Dennis Underwood
Published on
September 14, 2023

Why Cybersecurity Companies Don't (or Shouldn't) Publicize Their Customer List

Are you a cybersecurity company with a 'trusted by' section on your website with customer names or logos? Here's why that's a bad idea.

Companies specializing in cybersecurity have a unique challenge: balancing the allure of marketing benefits with the paramount importance of customer privacy. This article explains why cybersecurity companies should prioritize discretion over publicity, even when the temptation to showcase their clientele is strong.

The Advantage of Anonymity in Cybersecurity

A digital fortress with walls made of binary code, representing the dynamic nature of cybersecurity. Outside the fortress, several shadowy human figures attempt to map out a path inside. Select an Image

In the cybersecurity domain, the concept of anonymity stands as a paramount pillar. It's not just about keeping one's identity concealed; it's about ensuring that malicious actors remain in the dark about the defensive tools and strategies employed by an organization. Here's why this is so crucial:

  • Targeted Attacks. If cybercriminals know which cybersecurity tools a company uses, they can tailor their attacks to exploit specific vulnerabilities. Essentially, it's like handing them a roadmap to bypass the very defenses set up to keep them out.
  • Research and Exploitation. Armed with knowledge about specific cybersecurity tools, bad actors can invest time and resources into researching ways to circumvent these tools. This makes their attacks more precise and potentially more damaging.
  • The Element of Surprise. Keeping attackers guessing about the defenses in place can act as a deterrent. If they're unsure about what they're up against, they might think twice before launching an attack.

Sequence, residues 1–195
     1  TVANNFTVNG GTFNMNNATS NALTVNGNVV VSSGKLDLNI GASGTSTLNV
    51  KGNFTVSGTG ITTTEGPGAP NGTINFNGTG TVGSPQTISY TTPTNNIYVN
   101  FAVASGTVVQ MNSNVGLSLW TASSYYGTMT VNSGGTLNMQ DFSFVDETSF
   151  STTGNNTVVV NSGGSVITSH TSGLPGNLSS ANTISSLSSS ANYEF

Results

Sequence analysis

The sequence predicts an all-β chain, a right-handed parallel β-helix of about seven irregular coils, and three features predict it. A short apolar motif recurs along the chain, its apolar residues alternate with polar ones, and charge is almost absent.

• Best Practices. According to defense in depth principles and guidelines from reputable sources like NIST, it's recommended not to reveal any information about the cybersecurity tools in use. This aligns with the broader strategy of not giving away any potential advantages to adversaries.

In essence, while it might seem counterintuitive in an age where transparency is often lauded, in the world of cybersecurity, a certain level of secrecy is not just beneficial—it's essential.

Cybersecurity Best Practices and Guidelines

Five core focus areas in the NIST Cybersecurity framework Select an Image

In the realm of cybersecurity, one of the most respected sources for guidelines and best practices is the National Institute of Standards and Technology (NIST). Let's review a summary of NIST's recommendations and explain why adhering to these guidelines is so crucial:

  • Defense in Depth: This principle emphasizes layered security. It's not about having one impenetrable barrier but multiple layers of defense that can individually thwart different types of threats. If one layer is compromised, others stand ready to defend.
  • NIST's Recommendations: According to NIST's guidelines, there are five core functions to focus on:Identify: Recognize the assets and systems that need protection.Protect: Implement safeguards to ensure the delivery of critical infrastructure services.Detect: Identify any cybersecurity events promptly.Respond: Take action once a cybersecurity event is detected.Recover: Restore any capabilities or services impaired due to a cybersecurity event.
  • The Importance of Discretion: As highlighted by NIST's best practices, revealing information about the cybersecurity tools an organization uses can be detrimental. It's akin to showing your hand in a game of poker.
  • Balancing Transparency and Security: While being open about certain aspects of an organization's operations can be beneficial, when it comes to cybersecurity, discretion is often the better part of valor.

While every organization might have its unique challenges and needs, adhering to established guidelines like those from NIST provides a solid foundation for your cybersecurity infrastructure and policies. It's about building a cybersecurity strategy that's both robust and adaptable.

The Temptation of Marketing Benefits

It's important to balance the short-term gains of publicizing your customer list with the long-term reputational damage of a client being compromised because a malicious actor knew what defenses were in place. Select an Image

In business, especially startup business, standing out is paramount. One of the ways companies try to differentiate themselves is by showcasing their clientele, especially if that list includes well-known brands. Here's why this can be tempting: